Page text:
I am thrilled to join Dan, Karen, and Mary on the blog for the month of January. My contributions to the blog this month will focus largely on international legal history, law and American empire, and some thoughts, questions, and pleas for advice on writing and researching a legal history dissertation. But before I get to that, I’d like to begin with a post inspired by my holiday travels and the December issues of the American Historical Review and the Journal of American History.
I recently visited family in “the live music show capital of the world,” Branson, Missouri in the beautiful Ozark Mountains. Branson is a popular tourist destination, known for the family-friendly music shows that line “the strip” on Route 76. Baldknobbers Jamboree Show, a mix of comedy and country music, bills itself as “the show that started it all.” While the Baldknobbers show claims a long history in Branson entertainment, its name derives from the history of late nineteenth century vigilantism in the region.
Branson sits in Taney County, named for the fifth Chief Justice of the U.S. Supreme Court Roger Brooke Taney, best known for his majority opinion in Dred Scott v. Sandford (1857). As local historians Elmo Hingenthron and Mary Hartman explain in their book Bald Knobbers:Vigilantes on the Ozarks Frontier, in mid-nineteenth century Taney County “[t]he code of the hills, rather than state laws, influenced outcomes in state trials”(12). In the 1880s, the Bald Knobbers, a group of vigilantes, typically shown in black and white masks, carried out lynchings and other acts of violence in the hills of Taney County, claiming to protect the people of the region from crime and violence where local courts and law enforcement had failed.
Though the group never spread beyond the Ozarks, the Bald Knobbers were part of a broader history of vigilantism and extra-legal violence in America in the late-nineteenth and early twentieth centuries. Unlike many other vigilante groups of the period, the Bald Knobbers appear not to have been racially motivated. But in many ways, they fit within broader narratives of the rise of vigilantism across the South, West, and Midwest in the period. As Michael J. Pfiefer explains in Rough Justice: Lynching and American Society, 1874-1947 (University of Illinois Press, 2006):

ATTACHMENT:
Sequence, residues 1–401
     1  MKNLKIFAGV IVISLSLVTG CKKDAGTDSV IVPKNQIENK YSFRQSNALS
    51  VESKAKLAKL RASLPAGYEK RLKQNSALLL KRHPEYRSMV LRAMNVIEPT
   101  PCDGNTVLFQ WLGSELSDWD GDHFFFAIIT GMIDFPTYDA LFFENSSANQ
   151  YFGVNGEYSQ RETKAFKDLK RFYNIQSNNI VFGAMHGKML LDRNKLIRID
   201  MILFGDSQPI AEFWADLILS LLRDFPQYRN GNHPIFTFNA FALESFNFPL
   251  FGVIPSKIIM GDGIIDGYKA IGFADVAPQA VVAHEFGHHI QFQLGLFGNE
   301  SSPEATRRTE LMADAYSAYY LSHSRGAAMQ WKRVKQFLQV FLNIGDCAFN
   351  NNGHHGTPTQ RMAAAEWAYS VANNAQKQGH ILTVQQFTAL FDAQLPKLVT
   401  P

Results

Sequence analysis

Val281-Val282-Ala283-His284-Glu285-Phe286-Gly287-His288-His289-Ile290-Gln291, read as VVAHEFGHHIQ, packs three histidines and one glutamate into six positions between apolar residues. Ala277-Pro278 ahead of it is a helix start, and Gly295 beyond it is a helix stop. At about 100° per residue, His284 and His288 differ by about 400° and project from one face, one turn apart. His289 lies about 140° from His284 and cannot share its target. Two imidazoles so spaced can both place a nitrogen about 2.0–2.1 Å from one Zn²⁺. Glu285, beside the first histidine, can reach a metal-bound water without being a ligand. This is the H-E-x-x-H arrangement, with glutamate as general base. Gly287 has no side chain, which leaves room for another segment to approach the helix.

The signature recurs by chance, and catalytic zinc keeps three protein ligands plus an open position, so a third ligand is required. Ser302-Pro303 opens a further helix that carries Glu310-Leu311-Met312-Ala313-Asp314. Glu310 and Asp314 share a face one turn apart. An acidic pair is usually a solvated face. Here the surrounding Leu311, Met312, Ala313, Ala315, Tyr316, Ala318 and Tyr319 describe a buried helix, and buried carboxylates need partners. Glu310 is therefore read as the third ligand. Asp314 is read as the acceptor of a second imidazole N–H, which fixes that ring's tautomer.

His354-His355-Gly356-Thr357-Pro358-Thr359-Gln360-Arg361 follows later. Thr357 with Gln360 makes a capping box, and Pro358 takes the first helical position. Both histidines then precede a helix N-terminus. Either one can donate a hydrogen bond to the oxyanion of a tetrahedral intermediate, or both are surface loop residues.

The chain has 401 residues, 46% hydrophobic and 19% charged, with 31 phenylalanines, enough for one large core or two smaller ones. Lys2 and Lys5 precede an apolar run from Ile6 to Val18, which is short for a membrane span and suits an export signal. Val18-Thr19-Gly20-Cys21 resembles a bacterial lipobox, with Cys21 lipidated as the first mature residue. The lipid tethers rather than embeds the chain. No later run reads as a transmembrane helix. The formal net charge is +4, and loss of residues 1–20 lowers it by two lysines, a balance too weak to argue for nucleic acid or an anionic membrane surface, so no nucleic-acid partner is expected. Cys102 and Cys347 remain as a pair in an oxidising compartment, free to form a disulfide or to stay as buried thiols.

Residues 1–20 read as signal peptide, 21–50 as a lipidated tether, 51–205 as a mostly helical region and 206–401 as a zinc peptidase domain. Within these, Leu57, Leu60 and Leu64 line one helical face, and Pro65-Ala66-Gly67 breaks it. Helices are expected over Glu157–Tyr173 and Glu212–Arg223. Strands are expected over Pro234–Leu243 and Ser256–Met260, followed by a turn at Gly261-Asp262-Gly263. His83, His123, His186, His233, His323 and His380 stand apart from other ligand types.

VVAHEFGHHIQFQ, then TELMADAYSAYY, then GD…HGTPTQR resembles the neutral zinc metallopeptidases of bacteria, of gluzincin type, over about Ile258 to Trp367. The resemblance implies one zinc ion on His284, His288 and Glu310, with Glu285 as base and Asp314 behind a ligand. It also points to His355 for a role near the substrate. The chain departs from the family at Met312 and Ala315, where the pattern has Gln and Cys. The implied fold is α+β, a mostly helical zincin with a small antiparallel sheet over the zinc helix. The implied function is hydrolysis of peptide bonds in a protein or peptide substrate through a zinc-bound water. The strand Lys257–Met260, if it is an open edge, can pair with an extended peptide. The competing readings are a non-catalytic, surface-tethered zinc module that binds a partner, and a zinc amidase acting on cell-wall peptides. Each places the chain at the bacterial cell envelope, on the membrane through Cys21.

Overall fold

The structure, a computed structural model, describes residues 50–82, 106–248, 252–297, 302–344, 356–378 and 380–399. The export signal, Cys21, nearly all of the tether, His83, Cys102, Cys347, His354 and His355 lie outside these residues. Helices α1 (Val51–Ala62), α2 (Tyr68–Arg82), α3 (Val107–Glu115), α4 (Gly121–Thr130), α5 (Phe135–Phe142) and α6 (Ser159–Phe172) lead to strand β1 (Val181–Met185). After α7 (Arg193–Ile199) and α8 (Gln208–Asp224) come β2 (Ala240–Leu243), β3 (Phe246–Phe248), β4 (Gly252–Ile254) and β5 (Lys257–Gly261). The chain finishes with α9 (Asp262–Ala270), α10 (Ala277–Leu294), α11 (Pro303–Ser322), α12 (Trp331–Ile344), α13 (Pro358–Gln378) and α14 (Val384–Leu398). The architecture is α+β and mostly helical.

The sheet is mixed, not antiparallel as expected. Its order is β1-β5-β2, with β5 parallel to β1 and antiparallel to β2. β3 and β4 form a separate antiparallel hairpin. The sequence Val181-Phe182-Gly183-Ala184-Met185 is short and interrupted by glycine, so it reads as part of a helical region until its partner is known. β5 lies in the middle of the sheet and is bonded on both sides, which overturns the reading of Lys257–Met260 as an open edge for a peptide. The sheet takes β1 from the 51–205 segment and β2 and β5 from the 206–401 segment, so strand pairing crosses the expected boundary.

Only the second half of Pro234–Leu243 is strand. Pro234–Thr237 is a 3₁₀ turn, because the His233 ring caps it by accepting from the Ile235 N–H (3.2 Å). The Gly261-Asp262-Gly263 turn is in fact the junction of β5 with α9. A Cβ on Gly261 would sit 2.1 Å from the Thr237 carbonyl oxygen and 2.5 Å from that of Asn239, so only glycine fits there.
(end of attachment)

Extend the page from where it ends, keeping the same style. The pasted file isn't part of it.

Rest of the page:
The era of the Civil War and Reconstruction marked a turning point in lynching violence across the United States. The war upset prevailing economic, social, racial, legal, and constitutional orders. It precipitated racial leveling, centralization of state authority, and the ascendancy of the North’s dynamic industrial and agricultural capitalism. The war’s result also inspired profound questions about the shape and role of law and the meaning of freedom in the newly remade nation. Beyond the Alleghenies, many American responded to these questions with collective violence that reasserted white supremacy and a vision of criminal justice lodged in localistic prerogatives (13).
Recent work by Pfiefer and Crystal Feimster seems to pose new challenges to some of our central narratives about the history of lynching and vigilantism in the period. In his earlier work, Rough Justice, Pfiefer looked at lynching in the West, Midwest, and South to examine the relationship between lynching and the death penalty. In a recent article in the December issue of the Journal of American History, “The Northern United States and the Genesis of Racial Lynching: The Lynching of African American’s in the Civil War Era,” Pfiefer shifts his focus from to the North to reconsider the origins of racial lynching. From the JAH website:
“While scholars have composed a rich body of work on the lynching of African Americans in the late nineteenth- and early twentieth-century South, argues that the study of racial lynching in the North in the early 1860s helps redress key gaps in the historiography of lynching. Examining wartime racial lynchings in Milwaukee, Wisconsin, in 1861 and Newburgh, New York, in 1863, Pfeifer explores how Irish Catholic ethnic solidarity in these communities was as pivotal as a developing concept of “whiteness.” Despite important differences in contexts, the practice and ideology of Northern Irish paralleled, and indeed slightly anticipated, that of white Southerners who later seized upon lynching as a means of rejecting the Reconstruction state’s insistence on color-blind law.”
In the December American Historical Review William D. Carrigan reviews Crystal N. Feimster, Southern Horrors: Women and the Politics of Rape and Lynching (Cambridge: Harvard University Press, 2009). According to Carrigan, “Feimster clearly reveals the active role of women in shaping the discourse of lynching, challenging very effectively the traditional view of mob violence as a story about white male mobs and black male victims” (p. 1480).
Understanding how due process has been subverted by mob violence outside of courtrooms is as crucial as understanding struggles for justice within them. But as Pfiefer and Feimster seem to suggest, we may need to look beyond the “code of the hills” and traditional understandings of gender and lynching to reconsider regionalism and the role of women in the history of lynching. You can find Pfiefer’s complete article in the December issue of the JAH and the full review of Feimster’s book in the December issue of the AHR.
Image: A portrayal of the Bald Knobbers, in the film The Shepherd of the Hills (1919)